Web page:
What else are you working on that you’d like people to know about?

Well, Hunger has pretty much been my life full-time since September. We’re putting together a performance in NYC on the MATA Interval 8 Series with the [Switch~ Ensemble] and a really stellar cast including Lucy Dhegrae, Jeff Gavett, & Sophie Burgos, and there has been a lot of preparation for both of these performances with all of the technology involved. We’re also planning the New York and European premieres of the full opera in 2016/17 with Ensemble Interface. I’m just now starting on an orchestral commission that I received after winning Iron Composer 2014, which is for the BlueWater Chamber Orchestra in Cleveland and I’ll conduct the premiere on May 9th. It’ll be treated in a similar way to what I mentioned above regarding the choral work, as a sort of “digital overture” to Hunger so that the recording will provide germinal material for the electronics, augmented by the live amplified octet. Another commission to get started on is for percussion trio from Slaagwerk Den Haag in the Netherlands; two other works of mine will also be performed in September for Muziekweek as a nominee for the Gaudeamus Prize. Another project that’s been planned for ages but postponed due to my work on Hunger is for saxophone, electronics, and video, to be premiered at the World Saxophone Congress in Strasbourg on texts of Bukowski this July.

A website dedicated to Hunger, with lots of great coverage of its premiere in Darmstadt, is up at hungeropera.com. Tomorrow, we’ve got Jenny Olivia Johnson on her opera The After Time. Complete details on First Take 2015 are available at http://theindustryla.org/projects/project_firsttake15.php.

First Take: Anne LeBaron on LSD: The Opera

On February 21, LA’s The Industry and wild Up present the 2015 edition of First Take at the Wallis Annenberg Center for the Arts. Excerpts from six new operas will be performed throughout the afternoon, which starts at 1 pm and runs until 4:30. The event is free. Over here at New Classic LA, we’ll be featuring an interview with one of the composers every day at noon this week, and an interview with The Industry’s artistic director, Yuval Sharon, on Friday. Today, we begin with Anne LeBaron.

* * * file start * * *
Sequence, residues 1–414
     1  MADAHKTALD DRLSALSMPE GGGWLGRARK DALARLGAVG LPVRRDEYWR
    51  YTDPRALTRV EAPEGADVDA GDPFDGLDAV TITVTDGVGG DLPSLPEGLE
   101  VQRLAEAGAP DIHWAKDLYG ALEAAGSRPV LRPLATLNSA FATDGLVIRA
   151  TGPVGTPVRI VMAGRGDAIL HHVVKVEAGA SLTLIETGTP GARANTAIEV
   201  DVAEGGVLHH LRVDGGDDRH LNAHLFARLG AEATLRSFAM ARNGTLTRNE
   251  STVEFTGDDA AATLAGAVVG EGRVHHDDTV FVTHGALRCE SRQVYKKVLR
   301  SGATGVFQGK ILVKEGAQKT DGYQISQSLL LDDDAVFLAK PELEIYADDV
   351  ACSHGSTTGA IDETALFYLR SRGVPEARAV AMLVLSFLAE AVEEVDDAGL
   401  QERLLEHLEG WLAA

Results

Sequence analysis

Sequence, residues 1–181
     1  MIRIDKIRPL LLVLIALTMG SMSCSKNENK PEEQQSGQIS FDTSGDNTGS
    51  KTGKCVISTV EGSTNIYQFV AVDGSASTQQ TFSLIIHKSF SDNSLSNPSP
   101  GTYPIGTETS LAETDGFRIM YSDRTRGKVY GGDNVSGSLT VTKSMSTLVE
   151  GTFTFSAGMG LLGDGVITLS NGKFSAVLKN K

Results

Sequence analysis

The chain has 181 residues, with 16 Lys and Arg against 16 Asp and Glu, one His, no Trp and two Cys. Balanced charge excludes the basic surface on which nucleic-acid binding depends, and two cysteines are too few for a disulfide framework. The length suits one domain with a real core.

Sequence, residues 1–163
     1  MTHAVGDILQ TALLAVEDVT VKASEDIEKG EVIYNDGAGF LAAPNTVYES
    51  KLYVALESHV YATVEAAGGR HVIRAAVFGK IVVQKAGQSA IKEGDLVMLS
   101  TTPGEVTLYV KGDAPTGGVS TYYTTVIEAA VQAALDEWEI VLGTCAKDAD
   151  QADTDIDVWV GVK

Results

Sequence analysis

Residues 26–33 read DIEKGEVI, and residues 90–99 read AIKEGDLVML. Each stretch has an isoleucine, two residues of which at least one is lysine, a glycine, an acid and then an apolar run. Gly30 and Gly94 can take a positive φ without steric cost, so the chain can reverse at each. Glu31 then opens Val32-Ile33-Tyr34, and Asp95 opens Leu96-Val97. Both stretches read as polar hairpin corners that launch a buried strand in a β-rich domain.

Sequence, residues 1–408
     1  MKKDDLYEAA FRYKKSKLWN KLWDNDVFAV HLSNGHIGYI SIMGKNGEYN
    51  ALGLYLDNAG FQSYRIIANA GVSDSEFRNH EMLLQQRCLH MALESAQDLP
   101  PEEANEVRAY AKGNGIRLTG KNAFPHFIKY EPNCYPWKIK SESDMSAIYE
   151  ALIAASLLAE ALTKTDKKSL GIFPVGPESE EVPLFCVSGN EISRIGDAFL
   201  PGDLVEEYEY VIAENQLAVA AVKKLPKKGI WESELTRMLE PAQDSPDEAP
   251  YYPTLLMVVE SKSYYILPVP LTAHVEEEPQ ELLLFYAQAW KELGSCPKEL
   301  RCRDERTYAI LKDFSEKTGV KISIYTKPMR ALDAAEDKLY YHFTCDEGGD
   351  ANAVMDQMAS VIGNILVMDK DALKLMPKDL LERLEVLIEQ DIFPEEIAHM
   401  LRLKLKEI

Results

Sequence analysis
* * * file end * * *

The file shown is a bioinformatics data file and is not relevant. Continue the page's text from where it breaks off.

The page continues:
Anne LeBaron (photo by Steve Gunther)

Anne LeBaron (photo by Steve Gunther)

Describe the work you’ll be presenting at First Take.

LSD: The Opera is a multidisciplinary interrogation of the powerful cultural, political, and spiritual ramifications set into motion by Swiss chemist Albert Hofmann’s 1943 discovery of lysergic acid diethylamide. Unveiling obscure and extraordinary LSD-related friendships, networks, and operations that would contribute to an agitated period in American history, the opera unfolds in a panorama of dramatic events, encompassing scientific discoveries, murders, CIA classified experiments, festivities, and extraordinary meetings of minds. Characters include Albert Hofmann, Sid Gottlieb, George Hunter White, Aldous and Laura Huxley, Timothy Leary, Richard Albert (aka Ram Dass), Phil and Katherine Graham, Mary Pinchot Meyer, Cord Meyer, and Allen Dulles. A chorus (performed by instrumentalists from the Partch Ensemble) depicts groups of prisoners, divinity students, drug addicts, reporters, CIA trainees, and the Georgetown Ladies.

Once LSD was unleashed from Sandoz Laboratories, it became a much sought-after experimental drug that held promise as a weapon of mind control, coveted by the CIA and other intelligence agencies in the U.S. Simultaneously, psychiatrists were discovering how powerfully curative it could be in therapeutic settings when all else had failed. Yet LSD remains vilified as a negative force behind the social and political upheavals of the 1960’s. This opera seeks to present LSD from its origins, to its potential as a valuable tool for use in medical and carefully controlled settings. My wish is for LSD: The Opera to premiere in 2017-2018, coinciding with the 75th anniversary of its discovery.